A Labour-run council in east London has been accused of ‘social cleansing’ after it revealed plans to move some of its poorest residents as far away as Stoke-on-Trent.
Newham Council said it has written to 1,179 housing associations across the country – including one over 160 miles in the Staffordshire city - in an attempt to find accommodation for the 32,000 families on its waiting list for housing.
Sir Robin Wales, Newham’s Mayor, blamed a combination of spiraling rents in the borough, which contains most of the 2012 Olympic Park - including the Olympic stadium, and the Government’s cap on housing benefit, which he says has meant the council can no longer afford to house tenants in privately-owned accommodation.
But Gill Brown, chief executive of Brighter Futures – the Stoke-on-Trent housing association contacted by Newham Council, attacked the plans, saying London Boroughs shouldn’t be allowed to just “dump” unwanted tenants on other cities.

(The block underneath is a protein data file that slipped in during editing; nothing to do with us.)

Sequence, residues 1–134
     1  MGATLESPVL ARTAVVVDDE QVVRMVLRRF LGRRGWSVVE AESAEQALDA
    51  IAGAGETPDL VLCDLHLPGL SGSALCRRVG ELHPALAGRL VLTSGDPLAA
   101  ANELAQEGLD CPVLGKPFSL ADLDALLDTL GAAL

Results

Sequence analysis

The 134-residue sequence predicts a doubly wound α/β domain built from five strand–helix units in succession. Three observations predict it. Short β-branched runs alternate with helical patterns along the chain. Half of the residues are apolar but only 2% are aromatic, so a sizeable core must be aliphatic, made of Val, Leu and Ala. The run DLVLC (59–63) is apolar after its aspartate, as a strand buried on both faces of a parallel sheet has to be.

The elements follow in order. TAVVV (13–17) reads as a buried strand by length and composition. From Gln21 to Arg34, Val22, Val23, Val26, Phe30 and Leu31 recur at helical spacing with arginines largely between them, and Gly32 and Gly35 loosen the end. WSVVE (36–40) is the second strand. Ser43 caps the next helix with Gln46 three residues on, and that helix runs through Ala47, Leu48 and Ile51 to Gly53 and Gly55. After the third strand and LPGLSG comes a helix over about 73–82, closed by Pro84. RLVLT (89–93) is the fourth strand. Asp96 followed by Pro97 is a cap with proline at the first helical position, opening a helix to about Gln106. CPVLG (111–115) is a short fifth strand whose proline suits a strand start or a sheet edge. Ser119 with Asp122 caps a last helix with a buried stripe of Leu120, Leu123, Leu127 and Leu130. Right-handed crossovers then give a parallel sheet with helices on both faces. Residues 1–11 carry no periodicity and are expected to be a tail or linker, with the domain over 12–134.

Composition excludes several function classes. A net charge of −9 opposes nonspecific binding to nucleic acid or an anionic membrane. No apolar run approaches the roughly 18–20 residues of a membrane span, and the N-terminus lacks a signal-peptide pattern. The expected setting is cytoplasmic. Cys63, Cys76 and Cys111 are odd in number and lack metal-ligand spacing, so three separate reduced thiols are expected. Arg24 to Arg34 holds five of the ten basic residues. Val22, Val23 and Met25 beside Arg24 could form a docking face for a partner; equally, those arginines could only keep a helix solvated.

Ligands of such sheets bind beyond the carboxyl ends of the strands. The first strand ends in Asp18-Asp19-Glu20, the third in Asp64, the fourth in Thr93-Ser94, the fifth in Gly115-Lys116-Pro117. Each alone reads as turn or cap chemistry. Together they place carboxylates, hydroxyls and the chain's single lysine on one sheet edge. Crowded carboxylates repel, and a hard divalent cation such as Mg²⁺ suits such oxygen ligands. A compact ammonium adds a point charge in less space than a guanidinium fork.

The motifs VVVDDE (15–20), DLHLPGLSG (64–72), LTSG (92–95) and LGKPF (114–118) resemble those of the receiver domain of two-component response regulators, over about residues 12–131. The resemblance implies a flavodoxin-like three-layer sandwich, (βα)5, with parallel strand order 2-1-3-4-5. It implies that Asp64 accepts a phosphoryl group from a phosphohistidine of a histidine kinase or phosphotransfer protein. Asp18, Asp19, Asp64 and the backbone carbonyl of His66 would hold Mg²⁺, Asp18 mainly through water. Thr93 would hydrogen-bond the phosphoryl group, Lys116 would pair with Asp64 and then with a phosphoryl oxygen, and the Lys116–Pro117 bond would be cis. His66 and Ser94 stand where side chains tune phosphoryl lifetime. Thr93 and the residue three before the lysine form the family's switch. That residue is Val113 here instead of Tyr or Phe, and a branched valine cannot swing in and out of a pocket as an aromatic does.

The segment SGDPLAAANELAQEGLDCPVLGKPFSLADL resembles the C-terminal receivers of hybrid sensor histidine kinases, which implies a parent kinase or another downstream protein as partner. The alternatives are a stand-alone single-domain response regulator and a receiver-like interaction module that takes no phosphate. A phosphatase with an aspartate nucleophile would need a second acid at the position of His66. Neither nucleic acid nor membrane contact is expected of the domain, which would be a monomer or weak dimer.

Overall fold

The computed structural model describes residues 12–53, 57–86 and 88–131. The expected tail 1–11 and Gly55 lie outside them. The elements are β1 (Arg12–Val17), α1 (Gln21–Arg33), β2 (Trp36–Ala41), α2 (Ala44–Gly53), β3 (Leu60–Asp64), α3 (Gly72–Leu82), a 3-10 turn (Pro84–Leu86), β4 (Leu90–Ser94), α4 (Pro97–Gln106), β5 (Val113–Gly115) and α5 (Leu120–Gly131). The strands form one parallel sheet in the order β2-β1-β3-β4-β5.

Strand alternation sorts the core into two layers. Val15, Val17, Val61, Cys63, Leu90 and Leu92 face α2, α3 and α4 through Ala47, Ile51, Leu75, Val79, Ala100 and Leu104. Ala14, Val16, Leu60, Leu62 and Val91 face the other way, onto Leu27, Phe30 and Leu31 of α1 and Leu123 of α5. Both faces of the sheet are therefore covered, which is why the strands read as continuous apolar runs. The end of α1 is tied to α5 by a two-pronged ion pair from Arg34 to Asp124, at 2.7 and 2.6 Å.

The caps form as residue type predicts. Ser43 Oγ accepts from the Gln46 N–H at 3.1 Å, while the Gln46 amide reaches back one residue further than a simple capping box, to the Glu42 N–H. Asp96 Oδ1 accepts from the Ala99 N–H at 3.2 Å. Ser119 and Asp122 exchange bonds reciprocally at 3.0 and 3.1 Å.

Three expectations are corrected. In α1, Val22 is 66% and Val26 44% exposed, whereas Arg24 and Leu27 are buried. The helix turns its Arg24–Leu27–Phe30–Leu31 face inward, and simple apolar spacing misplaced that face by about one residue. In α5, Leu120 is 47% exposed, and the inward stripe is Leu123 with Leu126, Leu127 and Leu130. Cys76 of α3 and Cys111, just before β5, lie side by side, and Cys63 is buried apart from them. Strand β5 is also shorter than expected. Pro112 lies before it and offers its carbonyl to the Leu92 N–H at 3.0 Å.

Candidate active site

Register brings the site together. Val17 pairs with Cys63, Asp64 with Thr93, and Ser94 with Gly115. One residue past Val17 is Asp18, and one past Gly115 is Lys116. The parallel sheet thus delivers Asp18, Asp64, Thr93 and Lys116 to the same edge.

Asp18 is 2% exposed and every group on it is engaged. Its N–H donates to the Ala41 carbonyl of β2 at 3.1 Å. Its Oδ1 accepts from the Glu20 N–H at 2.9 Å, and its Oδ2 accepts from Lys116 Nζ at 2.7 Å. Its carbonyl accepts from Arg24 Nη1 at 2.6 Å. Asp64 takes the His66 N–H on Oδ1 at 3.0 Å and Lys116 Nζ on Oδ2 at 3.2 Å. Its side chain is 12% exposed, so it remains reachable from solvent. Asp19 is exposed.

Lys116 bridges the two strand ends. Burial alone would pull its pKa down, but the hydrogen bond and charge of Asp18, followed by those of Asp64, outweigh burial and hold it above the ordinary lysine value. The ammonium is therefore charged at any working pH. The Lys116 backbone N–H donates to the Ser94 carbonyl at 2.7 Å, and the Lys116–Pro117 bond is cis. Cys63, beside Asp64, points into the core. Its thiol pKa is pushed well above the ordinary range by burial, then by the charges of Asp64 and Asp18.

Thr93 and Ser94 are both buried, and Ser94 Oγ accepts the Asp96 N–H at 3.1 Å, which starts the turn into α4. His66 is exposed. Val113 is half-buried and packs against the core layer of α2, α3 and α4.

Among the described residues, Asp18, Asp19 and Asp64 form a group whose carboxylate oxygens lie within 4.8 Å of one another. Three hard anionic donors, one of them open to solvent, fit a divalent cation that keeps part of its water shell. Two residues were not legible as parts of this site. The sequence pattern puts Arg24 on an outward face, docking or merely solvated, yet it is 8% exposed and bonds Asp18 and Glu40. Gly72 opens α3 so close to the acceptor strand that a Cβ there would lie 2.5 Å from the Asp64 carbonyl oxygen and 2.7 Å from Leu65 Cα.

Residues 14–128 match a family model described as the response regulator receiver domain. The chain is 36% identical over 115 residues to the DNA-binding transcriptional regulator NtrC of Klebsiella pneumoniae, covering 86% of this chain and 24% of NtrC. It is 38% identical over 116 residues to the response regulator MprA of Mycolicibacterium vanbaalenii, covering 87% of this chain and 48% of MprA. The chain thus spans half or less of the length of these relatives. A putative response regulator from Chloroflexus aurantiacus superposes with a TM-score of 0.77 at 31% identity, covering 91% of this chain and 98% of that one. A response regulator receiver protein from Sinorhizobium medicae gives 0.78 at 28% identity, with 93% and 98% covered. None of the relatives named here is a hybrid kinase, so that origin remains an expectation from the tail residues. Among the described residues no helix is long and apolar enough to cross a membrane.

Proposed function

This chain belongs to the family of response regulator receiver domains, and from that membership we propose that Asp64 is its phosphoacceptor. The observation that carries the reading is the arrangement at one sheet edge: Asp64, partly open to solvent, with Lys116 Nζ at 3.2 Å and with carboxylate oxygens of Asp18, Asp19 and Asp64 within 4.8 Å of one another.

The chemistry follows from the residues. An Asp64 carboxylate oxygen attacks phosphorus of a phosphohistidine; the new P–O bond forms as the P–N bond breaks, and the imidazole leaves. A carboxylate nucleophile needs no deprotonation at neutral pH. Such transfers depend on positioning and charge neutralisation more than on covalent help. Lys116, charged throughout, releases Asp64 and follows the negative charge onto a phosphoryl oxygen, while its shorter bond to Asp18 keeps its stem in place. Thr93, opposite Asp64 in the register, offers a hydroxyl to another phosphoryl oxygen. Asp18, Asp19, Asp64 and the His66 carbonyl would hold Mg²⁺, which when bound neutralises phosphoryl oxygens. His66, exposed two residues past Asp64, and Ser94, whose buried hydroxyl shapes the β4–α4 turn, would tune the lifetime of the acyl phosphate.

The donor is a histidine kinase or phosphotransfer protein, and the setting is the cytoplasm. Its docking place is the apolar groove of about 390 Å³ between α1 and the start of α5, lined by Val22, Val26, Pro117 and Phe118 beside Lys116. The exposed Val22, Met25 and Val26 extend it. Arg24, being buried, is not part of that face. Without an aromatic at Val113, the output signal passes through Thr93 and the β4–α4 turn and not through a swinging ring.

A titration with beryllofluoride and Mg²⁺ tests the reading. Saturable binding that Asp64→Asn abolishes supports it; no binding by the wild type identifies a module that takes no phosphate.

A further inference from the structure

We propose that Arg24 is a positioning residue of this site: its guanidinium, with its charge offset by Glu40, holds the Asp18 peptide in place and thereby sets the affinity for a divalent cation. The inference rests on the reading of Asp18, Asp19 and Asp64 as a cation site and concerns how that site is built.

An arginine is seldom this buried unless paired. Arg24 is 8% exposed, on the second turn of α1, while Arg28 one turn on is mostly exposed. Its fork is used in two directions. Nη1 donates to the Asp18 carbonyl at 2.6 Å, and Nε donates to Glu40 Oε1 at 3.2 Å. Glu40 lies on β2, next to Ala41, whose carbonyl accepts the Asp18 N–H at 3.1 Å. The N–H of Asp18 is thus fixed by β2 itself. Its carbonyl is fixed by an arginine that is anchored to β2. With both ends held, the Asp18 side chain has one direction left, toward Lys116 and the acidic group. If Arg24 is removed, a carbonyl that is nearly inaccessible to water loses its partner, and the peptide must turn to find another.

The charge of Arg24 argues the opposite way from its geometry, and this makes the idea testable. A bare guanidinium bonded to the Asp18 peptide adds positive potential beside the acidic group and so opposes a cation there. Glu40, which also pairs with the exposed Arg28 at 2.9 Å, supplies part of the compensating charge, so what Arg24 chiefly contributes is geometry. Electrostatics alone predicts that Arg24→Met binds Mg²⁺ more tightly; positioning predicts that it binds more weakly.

In an interview with the BBC, Ms Brown said: “I think there is a real issue of social cleansing going on…We are very anxious about this letter, which we believe signals the start of a movement which could see thousands of needy people dumped in Stoke with no proper plan for their support or their welfare.”
Grant Shapps, the Housing Minister, accused Newham Council of “playing politics” in the run-up to local government elections next month.
Mr Shapps insisted there was no legitimate reason for forcing families out of London, saying an internet search revealed almost 1000 empty homes within a five-mile radius of Newham that were available at rents within the benefit cap.
Mr Shapps told BBC Radio 4’s Today programme “The system is still very generous and I think that Newham are perhaps playing politics, given that we are in an election season, by writing these letters out.
“Not only do I think it's unfair and wrong, I have also made the legislation and guidance very clear that they are not to do this.”
Campbell Robb, the chief executive of housing charity Shelter, said "This is the terrifying reality of our housing crisis today - hundreds of families potentially forced to move halfway across the country, uprooted from schools, support networks and employment opportunities.
"Taking families away from their support networks at the time when they need them most is not going to help them back on their feet. The Government must ensure that councils look out for homeless families' best interests when making difficult decisions about where to house people."
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